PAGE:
dallasphi wrote:From the article that was posted:
“There’s all kinds of stuff on the blogs after the test trying to guess which stuff will show up in the future; there’s a whole cottage industry,” said Wendy Margolis, a spokeswoman for the council.
Apparently they are primarily concerned with people discussing the specific content of the experimental sections. As for the "postmortem" discussion I don't see how the guy who posted his setup could possibly be sacrificing the integrity of the test, that question is just going to be sold to the next round of test takers when they are studying anyways. But with the experimental section I could see how publishing exactly what they are playing around with and looking at for the future when its fresh in the minds of the posters could disturb them as they are still viable in some form. Apparently they must really value those sections heard a lot of people were shocked to find an experimental after the break today.
There is more to it than that. Many people are administered the same test form in different time zones as well as on different days in several countries.
and look at the October 2011 administration dates for the various international regions.
While internationally administered tests are non-disclosed, sometimes the same test form as US/Canada test takers is administered, sometimes and/or in some locations it is not. If somebody administered the same test many hours later or even a day or two later has read student assessments of the test, it gives them an unfair advantage that can help boost their score several or more points.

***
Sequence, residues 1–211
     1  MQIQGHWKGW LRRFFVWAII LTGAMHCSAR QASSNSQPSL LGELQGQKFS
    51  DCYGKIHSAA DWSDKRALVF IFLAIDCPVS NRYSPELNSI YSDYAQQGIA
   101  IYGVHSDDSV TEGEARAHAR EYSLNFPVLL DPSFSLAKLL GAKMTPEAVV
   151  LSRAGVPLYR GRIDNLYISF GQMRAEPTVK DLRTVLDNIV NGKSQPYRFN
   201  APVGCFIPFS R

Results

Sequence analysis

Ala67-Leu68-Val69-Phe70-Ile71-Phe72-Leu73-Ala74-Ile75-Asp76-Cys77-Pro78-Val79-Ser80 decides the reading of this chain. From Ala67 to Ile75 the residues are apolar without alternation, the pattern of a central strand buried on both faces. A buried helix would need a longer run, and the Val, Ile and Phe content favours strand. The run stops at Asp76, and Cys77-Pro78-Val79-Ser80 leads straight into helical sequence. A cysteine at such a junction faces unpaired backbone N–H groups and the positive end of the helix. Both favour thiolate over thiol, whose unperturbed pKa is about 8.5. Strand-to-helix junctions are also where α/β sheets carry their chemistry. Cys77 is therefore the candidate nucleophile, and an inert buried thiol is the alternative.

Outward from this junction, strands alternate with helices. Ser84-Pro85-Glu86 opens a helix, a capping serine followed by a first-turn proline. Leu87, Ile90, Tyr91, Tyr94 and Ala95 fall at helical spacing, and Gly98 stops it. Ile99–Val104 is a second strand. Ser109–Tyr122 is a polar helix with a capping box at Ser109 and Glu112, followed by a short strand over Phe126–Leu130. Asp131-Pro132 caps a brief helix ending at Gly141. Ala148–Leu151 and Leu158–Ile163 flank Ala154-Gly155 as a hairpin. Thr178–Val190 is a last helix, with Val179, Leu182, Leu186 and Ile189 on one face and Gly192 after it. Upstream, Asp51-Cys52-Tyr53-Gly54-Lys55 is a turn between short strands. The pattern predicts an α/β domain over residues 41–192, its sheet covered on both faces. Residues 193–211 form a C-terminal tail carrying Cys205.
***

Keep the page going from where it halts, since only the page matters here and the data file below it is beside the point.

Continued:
It actually hurts your admission chances when you discuss even basic details of the test (which game was the hardest, which LG section is scored, etc.) online right after it is administered since other people you are competing with for admission can benefit from it by achieving a higher score than they would have without the information.
emkay625 wrote:It is pretty surprising to me how similar the experimentals are to the ones used on the actual test. I will not say which ones, but I took the test originally a while ago and during some of the later PTs found the same section that was my experiemental, nearly identical with a few changes.
That's not surprising at all. Every scored section was once administered in exact or almost exact form as an experimental section. It's what they call a pre-operational experimental section, pre-tested to see how it performs as a full section. Other experimental sections are just a bunch of problems thrown together and are designed to get initial difficulty/performance ratings about each question individually, independent from the difficulty of the section as a whole. Every question that appears in a scored section has previously appeared in an experimental section at least twice.